Sitka’s salmon fishermen are worried about the state’s strategy for renegotiating the Pacific Salmon Treaty. That’s the document between the United States and Canada that allocates the king salmon harvest across borders and expires at the end of the year. The fleet took to the seas yesterday to send Governor Bill Walker a strong message not to sign “a bad treaty.”
Governor Bill Walker’s agenda in Sitka was pretty straightforward: meet with the mayor, speak at a conference, hold a campaign rally. He expected that. What he wasn’t expecting, was two dozen fishing vessels are parading along Sitka Sound on the blazing, sunny day.
They were blaring boat horns and shooting off fireworks. Perched on the bow, troller Cavan Pfeiffer had an orange traffic cone against his mouth, a makeshift megaphone.
“Governor Walker! We need you! Stand up,” Pfeiffer yelled.
Salmon fisherman are worried the Governor will agree to a Pacific Salmon Treaty that deepens cuts to Alaska’s king salmon fishery.
“It’s a tough time for trollers,” Eric Jordan said, standing with a group of conservationists and fisherman to greet the Governor’s vehicle. “There are things going on out here in the ocean. I fished all morning, got up at 3 a.m. in the morning and was out there in the fog and stuff for one fish.”
King salmon populations are crashing across Alaska and no one knows why for sure. In response, the Board of Fish passed a conservation plan for Southeast in January and limited fishing at certain rivers. While Jordan supports those measures, he said he and other trollers cannot afford to lose more fish.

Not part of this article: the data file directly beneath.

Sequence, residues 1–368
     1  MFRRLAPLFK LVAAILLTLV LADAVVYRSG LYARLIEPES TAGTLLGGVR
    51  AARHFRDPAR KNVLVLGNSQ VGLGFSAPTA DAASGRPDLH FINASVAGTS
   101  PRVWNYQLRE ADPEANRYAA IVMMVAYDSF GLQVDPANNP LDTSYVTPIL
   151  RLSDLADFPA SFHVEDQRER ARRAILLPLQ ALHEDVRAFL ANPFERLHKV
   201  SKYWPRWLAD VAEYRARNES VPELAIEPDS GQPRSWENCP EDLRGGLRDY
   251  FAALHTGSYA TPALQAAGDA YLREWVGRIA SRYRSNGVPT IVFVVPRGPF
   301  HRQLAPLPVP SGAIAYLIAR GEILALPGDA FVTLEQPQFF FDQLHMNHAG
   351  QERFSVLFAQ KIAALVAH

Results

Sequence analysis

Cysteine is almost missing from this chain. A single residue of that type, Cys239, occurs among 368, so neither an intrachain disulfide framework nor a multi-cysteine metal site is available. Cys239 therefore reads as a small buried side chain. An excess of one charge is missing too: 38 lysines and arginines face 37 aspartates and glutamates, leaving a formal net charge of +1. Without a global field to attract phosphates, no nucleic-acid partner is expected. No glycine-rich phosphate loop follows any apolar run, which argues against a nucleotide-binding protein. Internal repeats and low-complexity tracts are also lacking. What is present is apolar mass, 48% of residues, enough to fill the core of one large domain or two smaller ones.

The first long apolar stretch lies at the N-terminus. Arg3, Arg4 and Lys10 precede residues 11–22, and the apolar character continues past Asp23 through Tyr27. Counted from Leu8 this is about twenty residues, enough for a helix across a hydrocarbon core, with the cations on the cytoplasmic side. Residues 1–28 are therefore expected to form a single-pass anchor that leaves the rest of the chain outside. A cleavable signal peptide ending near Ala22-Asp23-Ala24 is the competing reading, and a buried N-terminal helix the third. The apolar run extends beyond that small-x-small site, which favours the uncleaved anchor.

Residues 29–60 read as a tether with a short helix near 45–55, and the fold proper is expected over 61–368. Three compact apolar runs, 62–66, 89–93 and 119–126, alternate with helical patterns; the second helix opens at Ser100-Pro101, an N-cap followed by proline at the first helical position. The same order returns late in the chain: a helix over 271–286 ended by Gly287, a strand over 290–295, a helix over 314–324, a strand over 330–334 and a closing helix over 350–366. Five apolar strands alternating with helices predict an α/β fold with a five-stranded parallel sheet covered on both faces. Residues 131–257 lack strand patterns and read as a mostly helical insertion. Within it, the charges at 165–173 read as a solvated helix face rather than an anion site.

“We’re willing to make the sacrifices written into the treaty. But we’re not willing to just arbitrarily have our share reduced,” Jordan said.
Alaska’s negotiation team does not consider a reduction arbitrary. ADF&G Deputy Commissioner Charlie Swanton told trollers and processors at a Chinook Symposium in Sitka last month that the proposed cuts were carefully negotiated with Canada, as part of a strategy to protect endangered stocks in Washington state’s Puget Sound — and to avert a potential federal takeover of the fishery under the Endangered Species Act.
While Sitka trollers are on board with taking their share of cuts to protect fish runs in this region, they’re tired of taking the fall for problems elsewhere. The Sitka Conservation Society’s Heather Bauscher said the state needs to prioritize Alaskan interests. “Where are the positives? What are the things that are being done to support this region?,” she asked.
After arriving by car, Walker took in the whole scene. He waved to the vessels, listening to the words being shouted from the decks. He stood in the street and spoke with the group assembled.
“We’re going to try to get the best deal that’s available,” Walker told the group. “I’m known for doing bold things and so I’m not a very good follower of this is the way we’ve done it in the past necessarily.”
Walker did not elaborate on what that meant. He said he’s keeping an open mind on the Pacific Salmon Treaty as treaty negotiations are still ongoing.
“Well, I have nothing to sign at this point. What I like to do before I make any decisions on anything is I like to hear from all different sides of it. So, that’s the beauty of being in Sitka today and the graciousness of those who have come out to express their opinion. I celebrate that,” Walker said.